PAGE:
Discrimination and Justice



Consider now the phrase used in the Eighth Amendment itself. It prohibits cruel and unusual punishment, not cruel or unusual punishment. Therefore, a punishment must be cruel and unusual to be unconstitutional. The framers meant to outlaw unusual punishment, if cruel. But not cruel punishment, if usual. A punishment has to be new (unusual) as well as cruel to be unconstitutional. The death penalty hardly qualifies on that score. For whether cruel or not, the death penalty is not “unusual” in this Eighth Amendment sense.* (There is another sense, of which anon.)


Death Penalty Physical Pain Physical Punishment Federal Court Life Imprisonment 
These keywords were added by machine and not by the authors. This process is experimental and the keywords may be updated as the learning algorithm improves.


Unable to display preview. Download preview PDF.

Unable to display preview. Download preview PDF.


  1. 1.
    Trop v. Dulles (1957), 356 U.S. 86.Google Scholar
  2. 2.
    Pugh v. Locke,406 F. Supp. 318; see also Newman v. Alabama (1976), 559 F. Supp. 2d. Certiorari denied, 98 U.S. 3057.Google Scholar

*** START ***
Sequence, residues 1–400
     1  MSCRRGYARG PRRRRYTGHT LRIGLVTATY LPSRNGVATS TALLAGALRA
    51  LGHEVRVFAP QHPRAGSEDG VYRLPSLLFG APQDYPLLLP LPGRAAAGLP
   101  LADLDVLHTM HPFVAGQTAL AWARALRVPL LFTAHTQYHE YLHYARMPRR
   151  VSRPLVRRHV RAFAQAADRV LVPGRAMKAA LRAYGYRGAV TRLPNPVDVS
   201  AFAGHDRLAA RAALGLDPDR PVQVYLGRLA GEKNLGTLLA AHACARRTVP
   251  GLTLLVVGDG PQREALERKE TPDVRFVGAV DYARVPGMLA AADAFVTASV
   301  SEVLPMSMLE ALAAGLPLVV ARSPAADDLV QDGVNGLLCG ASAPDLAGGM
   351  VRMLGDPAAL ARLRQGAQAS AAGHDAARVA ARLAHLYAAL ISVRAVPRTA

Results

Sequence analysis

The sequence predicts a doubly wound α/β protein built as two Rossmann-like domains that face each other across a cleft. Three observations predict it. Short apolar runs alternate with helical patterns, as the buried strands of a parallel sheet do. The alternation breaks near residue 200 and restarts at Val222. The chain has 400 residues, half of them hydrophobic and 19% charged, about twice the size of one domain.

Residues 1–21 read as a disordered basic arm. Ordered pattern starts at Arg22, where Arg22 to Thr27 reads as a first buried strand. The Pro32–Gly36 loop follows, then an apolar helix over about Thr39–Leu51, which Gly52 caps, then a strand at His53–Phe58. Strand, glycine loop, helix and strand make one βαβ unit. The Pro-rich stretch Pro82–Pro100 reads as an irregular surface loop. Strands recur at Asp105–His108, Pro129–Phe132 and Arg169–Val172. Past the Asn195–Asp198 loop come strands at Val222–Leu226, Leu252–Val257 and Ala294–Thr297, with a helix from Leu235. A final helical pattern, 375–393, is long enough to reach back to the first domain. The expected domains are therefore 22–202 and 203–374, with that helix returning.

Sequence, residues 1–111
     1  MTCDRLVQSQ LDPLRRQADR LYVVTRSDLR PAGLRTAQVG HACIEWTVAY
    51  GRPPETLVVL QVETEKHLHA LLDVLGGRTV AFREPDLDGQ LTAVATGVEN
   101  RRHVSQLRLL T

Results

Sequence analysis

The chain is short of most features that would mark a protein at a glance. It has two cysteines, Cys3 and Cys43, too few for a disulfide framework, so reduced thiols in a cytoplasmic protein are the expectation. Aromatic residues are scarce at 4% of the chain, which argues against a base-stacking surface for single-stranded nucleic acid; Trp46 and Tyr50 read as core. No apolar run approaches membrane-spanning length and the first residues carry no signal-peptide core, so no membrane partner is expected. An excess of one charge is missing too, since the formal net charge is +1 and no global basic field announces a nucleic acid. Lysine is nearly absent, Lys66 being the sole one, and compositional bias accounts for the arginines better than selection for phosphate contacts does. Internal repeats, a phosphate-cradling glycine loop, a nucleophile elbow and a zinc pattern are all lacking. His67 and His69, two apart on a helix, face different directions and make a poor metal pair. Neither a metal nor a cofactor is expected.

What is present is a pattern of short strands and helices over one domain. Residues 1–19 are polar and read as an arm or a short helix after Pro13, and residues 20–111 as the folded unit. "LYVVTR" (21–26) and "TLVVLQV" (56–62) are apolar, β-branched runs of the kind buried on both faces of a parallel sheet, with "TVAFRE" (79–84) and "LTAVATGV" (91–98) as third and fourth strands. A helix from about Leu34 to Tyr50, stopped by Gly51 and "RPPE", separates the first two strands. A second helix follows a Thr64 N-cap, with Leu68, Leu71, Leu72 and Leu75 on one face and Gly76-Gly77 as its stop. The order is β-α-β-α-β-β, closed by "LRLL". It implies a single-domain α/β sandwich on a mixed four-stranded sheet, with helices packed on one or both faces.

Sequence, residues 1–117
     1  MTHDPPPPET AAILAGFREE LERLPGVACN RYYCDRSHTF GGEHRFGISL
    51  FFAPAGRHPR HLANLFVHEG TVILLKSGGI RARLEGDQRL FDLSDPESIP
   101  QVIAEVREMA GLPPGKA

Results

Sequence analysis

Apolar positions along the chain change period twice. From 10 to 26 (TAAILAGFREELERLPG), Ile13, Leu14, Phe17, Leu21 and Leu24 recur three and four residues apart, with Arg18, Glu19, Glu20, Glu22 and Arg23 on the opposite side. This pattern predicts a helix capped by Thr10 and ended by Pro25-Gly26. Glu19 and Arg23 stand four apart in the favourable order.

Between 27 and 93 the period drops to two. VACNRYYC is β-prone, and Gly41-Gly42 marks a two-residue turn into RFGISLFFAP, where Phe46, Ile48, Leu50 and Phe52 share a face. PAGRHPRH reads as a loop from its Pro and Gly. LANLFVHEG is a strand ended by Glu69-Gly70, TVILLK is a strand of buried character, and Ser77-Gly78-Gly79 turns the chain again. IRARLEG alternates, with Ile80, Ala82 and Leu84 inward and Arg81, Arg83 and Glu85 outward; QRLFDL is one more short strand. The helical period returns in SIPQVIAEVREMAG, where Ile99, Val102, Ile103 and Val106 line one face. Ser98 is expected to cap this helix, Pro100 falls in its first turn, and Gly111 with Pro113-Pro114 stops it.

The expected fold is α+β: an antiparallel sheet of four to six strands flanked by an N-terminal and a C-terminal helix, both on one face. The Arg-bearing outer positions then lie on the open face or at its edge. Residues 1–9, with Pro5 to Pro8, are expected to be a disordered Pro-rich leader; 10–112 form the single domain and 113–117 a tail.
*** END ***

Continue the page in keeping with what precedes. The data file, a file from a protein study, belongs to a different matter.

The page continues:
3. 3.
    Parigiano v. Garrihy (1976), 443 F. Supp. 956.Google Scholar
  4. 4.
    Ramos v. Lamn (1979), 485 F. Supp. 122. Affirmed in part and remanded in part, 10th Circuit Court of Appeals (1980), 639 F. Supp. 2d. Certiorari denied, 101 U.S. 1259.Google Scholar
  5. 5.
    Ruiz v. Estelle (1981), 503 F. Supp. 1265. Execution stayed, 5th Circuit Court of Appeals, 650 F. Supp. 2d, 555.Google Scholar
  6. 1.
    Weems v. U.S.,217 U.S. 349.Google Scholar
  7. 2.
    Virgina Woolf, The Common Reader ( New York: Harcourt, Brace, 1925 ), p. 83.Google Scholar
  8. 3.
    Alexis de Tocqueville, Democracy in America, vol. 2, trans. Phillips Bradley (New York: Knopf, 1945 ), pp. 165–166.Google Scholar
  9. 4.
    I include the Argentine military in the same select class as the KGB of the Soviet Union and the present regime in South Africa on the authority of Jacobo Timerman, who survived their maltreatment. See his Prisoner without a Name, Cell without a Number ( New York: Knopf, 1982 ).Google Scholar
  10. 5.
    For a Texan’s account of the vagaries of Texan statutory draftsmanship, see Charles L. Black, Jr., Capital Punishment: The Inevitability of Caprice and Mistake, 2nd ed., augmented (New York and London: W. W. Norton, 1981 ), pp. 114–121.Google Scholar

Copyright information

© Ernest van den Haag and John P. Conrad 1983

Authors and Affiliations

There are no affiliations available

Personalised recommendations